vary in their levels of abstraction, and we can speak of words as being
or abstract. Words also vary in their formality, and
some genres, such as epic and tragedy, call for use of
rather than colloquial or plain
Words also have specific or direct definitions
as well as implied meanings (connotations) associated with
their use. Connotations as well as denotations of words can vary in
meaning historically and geographically.
is a long, narrative poem whose hero is a noble person, upon whose actions
hinge the fate of a nation or a people. Conseqently, epics tend to
be of national or even of cosmic importance. The diction of the poem tends to be formal, elevated, and
decorous. The setting of the epic is expansive and even global, as
the hero embarks upon journeys that may take place over many years, often
The gods, referred to as the epic machinery, are interested
in and take an active part in shaping the events of the epic.
epic conventions include the poet's invocation of the muse, a beginning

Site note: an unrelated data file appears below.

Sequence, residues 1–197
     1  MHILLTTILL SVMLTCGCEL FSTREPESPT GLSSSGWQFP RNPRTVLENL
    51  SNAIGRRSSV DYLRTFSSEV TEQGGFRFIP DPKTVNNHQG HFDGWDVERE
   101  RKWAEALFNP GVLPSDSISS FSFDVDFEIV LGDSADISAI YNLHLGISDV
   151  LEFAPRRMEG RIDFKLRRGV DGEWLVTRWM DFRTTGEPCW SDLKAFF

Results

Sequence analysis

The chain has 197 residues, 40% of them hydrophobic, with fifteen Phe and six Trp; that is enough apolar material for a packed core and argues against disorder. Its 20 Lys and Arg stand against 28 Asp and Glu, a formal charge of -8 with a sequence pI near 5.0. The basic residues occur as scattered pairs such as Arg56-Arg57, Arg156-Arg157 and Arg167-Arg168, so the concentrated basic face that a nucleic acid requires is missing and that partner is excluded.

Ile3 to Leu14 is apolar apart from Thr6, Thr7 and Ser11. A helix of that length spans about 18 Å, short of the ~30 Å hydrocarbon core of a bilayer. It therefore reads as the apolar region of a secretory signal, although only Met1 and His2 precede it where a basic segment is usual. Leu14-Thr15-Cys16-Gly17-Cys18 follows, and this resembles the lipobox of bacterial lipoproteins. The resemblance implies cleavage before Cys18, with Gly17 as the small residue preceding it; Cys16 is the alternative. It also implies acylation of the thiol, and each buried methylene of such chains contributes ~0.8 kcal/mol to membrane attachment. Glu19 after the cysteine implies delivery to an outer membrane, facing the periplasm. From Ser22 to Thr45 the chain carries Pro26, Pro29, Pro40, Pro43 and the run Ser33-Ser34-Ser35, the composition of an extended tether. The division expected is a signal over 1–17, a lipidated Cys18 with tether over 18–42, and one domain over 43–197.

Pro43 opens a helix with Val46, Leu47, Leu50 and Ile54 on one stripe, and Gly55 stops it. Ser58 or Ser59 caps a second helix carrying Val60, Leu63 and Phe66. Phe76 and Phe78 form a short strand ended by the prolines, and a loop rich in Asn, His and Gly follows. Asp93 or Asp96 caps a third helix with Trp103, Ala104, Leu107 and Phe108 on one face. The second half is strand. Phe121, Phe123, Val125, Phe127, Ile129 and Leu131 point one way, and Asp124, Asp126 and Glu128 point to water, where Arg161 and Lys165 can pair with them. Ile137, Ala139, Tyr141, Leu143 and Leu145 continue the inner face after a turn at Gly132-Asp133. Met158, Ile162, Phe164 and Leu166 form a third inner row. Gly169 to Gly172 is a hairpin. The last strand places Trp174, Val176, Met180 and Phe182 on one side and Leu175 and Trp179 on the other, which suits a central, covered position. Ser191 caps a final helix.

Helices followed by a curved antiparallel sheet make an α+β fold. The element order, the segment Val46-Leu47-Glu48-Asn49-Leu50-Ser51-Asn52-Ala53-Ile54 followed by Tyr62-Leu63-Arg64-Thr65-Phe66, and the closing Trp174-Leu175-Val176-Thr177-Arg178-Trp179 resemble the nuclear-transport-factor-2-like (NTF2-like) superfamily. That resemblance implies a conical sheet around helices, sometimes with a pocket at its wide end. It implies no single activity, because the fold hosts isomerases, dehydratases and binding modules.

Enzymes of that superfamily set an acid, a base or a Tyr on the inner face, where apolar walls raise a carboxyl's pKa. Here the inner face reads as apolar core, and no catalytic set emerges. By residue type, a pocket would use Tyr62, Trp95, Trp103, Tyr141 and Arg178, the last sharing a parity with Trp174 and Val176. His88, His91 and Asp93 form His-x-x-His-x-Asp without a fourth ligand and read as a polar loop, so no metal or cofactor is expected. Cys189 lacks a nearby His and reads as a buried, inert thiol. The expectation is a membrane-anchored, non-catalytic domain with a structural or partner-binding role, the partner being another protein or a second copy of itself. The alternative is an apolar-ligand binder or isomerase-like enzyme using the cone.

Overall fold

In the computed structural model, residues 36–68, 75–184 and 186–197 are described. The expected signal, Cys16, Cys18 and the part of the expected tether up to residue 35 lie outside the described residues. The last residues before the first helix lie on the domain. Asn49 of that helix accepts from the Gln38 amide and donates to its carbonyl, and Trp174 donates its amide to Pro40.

medias res (in the middle of things), epic battles and/or epic games), catalogues
(of ships, warriors, horses, etc), delivery of set speeches, arming of the warrior,
performance of religious rituals, and (sometimes)
transmogrification of a dead hero to the celestial sphere.
occurs whenever a poet uses words in ways that deviate from their usual
A metaphor is a comparison between two things that are
unrelated. A simile is a kind of metaphor that uses
or as in the comparison. A mixed metaphor
occurs when the metaphor used produces an incongruous or impossible image;
such metaphors are often unintentionally funny. Metonymy
when the name of one thing is replaced by the name of something closely